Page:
Review – The Invincible

There is always great joy in compelling science fiction mysteries. Uncovering the unknown is something that video games do well, even in the walking simulator genre. Games like SOMA have stuck with me for years, thanks to a compelling narrative, even if it ended up lacking in gameplay. Unfortunately, The Invicible ends up being a something that is tough to recommend to everyone.

Set on the planet of Regis-III, you play as Yasna, a part of the Firefly expedition team sent planetside to investigate the local fauna and flora on the planet, but things don’t add up. Very quickly the situation becomes dire, as Yasna is separated from her crew and suffering memory loss with frequent blackouts. Yasna with the help of the Astrogator must find the rest of the crew and discover what is causing these strange side effects.

The Invincible Regis-III

We might be alone on an empty wasteland of a planet with no way off, but at least it looks stunning.

Based on the novel of the same name by polish Author Stanisław Herman Lem, The Invincible tells an extremely compelling narrative mystery to uncover. Yasna, as one of the only characters, is an absolute treat. Much like how The Martian‘s Mark Wattney is incredibly likable, managing to keep a small sense of humour whilst stuck in what is arguably one of the worst possible situations you can possibly be in. Trapped alone on an empty planet with seemingly livable conditions, but nothing is quite right.

Yasna is not alone however; joining her is the Astrogator who will help guide her through the dangerous terrains and whatever else you will find throughout. Their relationship sits at the core of The Invincible as they discover the unknown they will have deeper discussions about the future of humanity and their place in the universe.

Dialogue choices come up very frequently and the implementation here is excellent, adding a lot of flavour to the experience and encourages some form of replay value. There are some choices that can have some impact on how events play out, but other times can give the illusion. Regardless, the choices do a great job of building up these characters, so much so that I’m considering replaying the game.

The Invincible photo slides

Photo slides looking comic like is a great touch and adds a little extra personality.

Having an incredibly strong story is undoubtedly its highlight, because unfortunately, The Invincible has some pretty severe issues. Namely with gameplay, that will very rarely engage you. The Invincible is very much a walking simulator, as Yasna will very slowly move from Point A to Point B.  You do eventually get a rover to fast track exploration, but it still sits with the same problem of extended periods of nothing. As a result, the pacing drastically suffers as it can take a long time for the plot to really start kicking off, and when it does it keeps slowing down as you move from one area to the next.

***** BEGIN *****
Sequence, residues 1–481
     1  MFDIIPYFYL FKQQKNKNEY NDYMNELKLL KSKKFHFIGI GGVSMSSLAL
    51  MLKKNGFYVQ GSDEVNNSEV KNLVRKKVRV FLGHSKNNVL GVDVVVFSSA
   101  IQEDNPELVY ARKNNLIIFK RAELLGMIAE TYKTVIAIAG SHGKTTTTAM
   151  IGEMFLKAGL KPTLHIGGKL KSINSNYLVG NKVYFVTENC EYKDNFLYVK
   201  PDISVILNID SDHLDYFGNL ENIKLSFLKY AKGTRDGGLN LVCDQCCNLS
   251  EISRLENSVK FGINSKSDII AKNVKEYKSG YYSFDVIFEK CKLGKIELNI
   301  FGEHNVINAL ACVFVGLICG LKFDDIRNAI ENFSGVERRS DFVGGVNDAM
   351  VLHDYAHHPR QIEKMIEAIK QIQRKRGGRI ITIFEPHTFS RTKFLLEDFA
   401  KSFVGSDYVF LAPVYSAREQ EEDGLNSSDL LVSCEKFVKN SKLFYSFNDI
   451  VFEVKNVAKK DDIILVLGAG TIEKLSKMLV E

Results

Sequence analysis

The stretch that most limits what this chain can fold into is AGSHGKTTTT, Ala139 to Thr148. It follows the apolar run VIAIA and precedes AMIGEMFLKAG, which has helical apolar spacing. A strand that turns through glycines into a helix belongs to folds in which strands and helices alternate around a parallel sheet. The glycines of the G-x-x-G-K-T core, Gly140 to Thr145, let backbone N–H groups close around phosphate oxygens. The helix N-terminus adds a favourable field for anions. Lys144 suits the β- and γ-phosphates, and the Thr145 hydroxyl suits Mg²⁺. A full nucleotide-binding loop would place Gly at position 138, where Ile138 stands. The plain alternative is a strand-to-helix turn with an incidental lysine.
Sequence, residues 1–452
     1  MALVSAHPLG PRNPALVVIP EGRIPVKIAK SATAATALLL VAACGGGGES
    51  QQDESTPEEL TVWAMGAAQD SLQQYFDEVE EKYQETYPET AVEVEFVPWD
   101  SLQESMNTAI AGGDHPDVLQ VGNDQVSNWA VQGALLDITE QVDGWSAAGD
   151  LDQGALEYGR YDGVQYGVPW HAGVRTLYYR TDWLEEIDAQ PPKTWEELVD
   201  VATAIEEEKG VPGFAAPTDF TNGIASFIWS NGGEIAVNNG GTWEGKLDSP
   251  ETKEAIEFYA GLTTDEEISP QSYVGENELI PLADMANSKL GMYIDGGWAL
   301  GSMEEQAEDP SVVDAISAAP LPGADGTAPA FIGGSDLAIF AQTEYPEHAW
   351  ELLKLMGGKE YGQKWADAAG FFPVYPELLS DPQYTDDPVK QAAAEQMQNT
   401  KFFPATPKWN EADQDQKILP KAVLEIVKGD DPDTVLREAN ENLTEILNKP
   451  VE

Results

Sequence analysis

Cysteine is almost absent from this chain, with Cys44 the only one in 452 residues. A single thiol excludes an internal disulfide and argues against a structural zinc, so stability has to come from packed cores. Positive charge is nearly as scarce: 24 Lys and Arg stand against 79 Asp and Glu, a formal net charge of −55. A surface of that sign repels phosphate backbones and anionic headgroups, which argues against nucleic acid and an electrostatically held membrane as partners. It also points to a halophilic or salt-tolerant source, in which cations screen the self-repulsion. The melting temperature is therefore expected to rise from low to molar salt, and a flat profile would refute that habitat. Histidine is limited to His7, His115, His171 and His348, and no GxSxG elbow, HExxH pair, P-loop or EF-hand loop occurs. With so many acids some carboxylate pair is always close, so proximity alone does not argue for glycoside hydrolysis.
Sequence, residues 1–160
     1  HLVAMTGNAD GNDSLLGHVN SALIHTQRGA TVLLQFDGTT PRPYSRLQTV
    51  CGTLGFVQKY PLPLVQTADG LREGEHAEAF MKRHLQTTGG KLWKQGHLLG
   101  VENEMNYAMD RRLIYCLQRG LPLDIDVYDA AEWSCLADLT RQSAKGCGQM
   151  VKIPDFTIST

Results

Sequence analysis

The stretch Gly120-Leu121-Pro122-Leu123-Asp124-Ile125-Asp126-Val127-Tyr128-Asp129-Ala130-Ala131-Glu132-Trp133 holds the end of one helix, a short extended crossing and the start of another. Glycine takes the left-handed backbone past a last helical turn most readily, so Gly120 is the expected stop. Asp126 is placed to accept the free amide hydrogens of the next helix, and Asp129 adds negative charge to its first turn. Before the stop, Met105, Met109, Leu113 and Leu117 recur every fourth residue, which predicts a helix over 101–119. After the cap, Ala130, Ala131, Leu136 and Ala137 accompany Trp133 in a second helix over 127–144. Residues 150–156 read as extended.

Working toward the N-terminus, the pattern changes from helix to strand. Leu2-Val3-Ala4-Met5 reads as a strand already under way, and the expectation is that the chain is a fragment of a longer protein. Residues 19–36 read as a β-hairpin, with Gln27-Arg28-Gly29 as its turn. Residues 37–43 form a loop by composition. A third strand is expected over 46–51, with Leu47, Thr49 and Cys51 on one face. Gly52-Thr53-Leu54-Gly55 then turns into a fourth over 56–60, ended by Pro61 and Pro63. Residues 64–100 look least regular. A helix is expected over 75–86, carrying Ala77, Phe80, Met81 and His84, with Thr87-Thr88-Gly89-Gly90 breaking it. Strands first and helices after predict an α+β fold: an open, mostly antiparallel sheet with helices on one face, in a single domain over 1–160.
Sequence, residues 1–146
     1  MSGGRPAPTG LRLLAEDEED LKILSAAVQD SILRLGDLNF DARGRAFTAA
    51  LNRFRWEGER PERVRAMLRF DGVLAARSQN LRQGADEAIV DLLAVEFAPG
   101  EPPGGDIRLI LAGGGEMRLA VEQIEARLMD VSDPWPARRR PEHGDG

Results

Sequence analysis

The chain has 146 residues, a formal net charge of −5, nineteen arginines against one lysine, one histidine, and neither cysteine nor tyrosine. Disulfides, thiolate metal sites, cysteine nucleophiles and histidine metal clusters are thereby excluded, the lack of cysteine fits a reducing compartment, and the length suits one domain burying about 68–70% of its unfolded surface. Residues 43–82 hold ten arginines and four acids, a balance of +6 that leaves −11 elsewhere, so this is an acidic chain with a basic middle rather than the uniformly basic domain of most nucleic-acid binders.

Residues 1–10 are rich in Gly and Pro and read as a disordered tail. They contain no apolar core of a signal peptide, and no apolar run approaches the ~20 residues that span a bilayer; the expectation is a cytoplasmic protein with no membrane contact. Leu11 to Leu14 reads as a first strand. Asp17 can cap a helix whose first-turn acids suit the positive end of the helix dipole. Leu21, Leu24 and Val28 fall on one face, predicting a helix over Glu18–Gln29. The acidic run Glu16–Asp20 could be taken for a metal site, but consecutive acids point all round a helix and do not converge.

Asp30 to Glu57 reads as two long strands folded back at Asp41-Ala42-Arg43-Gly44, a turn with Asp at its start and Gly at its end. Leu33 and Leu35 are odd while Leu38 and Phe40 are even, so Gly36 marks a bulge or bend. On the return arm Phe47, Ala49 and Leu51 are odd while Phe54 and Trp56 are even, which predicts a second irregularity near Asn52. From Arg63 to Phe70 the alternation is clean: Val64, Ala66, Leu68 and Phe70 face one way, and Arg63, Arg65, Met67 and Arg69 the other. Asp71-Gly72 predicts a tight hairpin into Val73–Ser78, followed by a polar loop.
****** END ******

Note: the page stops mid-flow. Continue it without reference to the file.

Not only that, but there is a severe lack of variety with the gameplay, which doesn’t help matters. You will occasionally need to climb up a hill or rocky terrain, but this is just pressing the same few buttons. Very little variety gets added, despite there being some potential for some puzzles or something more substantial. Yasna’s journal is a big part of the experience, mapping out the terrain as well as points of interest. But instead of doing some interesting mechanics around this, it’s all completed for you.

Same for the metal detector, bionics, and tracker you have access to. They are all used in a linear fashion and very rarely make you think. Whilst I understand this is a linear narrative experience, some variety would have went a really long way to significantly improving it. If it wasn’t for such an incredibly strong central cast, this experience would have been impossible to recommend. Even with the story being as good as it is, there are some major issues that one can’t overlook.

The Invincible

Dead Space.

Regis-III has some excellent views. This is on-top of the excellent retro sci-fi look, and I’m not talking Starfield‘s low-tech sci-fi aesthetic. The visual design itself is very 1950s, with simpler designs that just look absolutely wonderful within the context of The Invincible‘s world. It’s not always great though, with some low resolution textures when you get too close to the environment, or some pretty bad pop-ins all throughout.

As for the sound design, this is excellent. Yasna’s and the Astrogater’s voice actors do an absolutely amazing job carrying the seven hour experience. They hit all the emotional beats whilst still having great chemistry. Its subtle but impactful soundtrack kicks in at key moments to make the game feel a bit bigger than it is.

The Invincible lacks imagination in its gameplay, which is pretty much walking in a straight line, and fails to capture any potentially interesting mechanics. However, The Invincible‘s compelling narrative, strong themes, and great characters make this an experience well worth playing. If you are a fan of science fiction, this is a must-play, assuming you can get past the lacklustre gameplay.


Graphics: 7.5

The world of Regis-III has some magnificent sights, but look a little closer and there are some seriously rough edges.

Gameplay: 4.0

Walking, walking, and more walking. The Invincible is a walking simulator that fails to add even a little variety.

Sound: 9.5

Incredibly strong voice acting keeps the story engaging, with some likable characters and chatter.

Fun Factor: 6.0

The Invincible‘s compelling sci-fi mystery is just enough to push through some tedious gameplay.

Final Verdict: 6.0

The Invincible is available now on PC, Xbox Series X|S, and PlayStation 5.

Reviewed on PC with an RTX 4070.

A copy of The Invincible was provided by the publisher.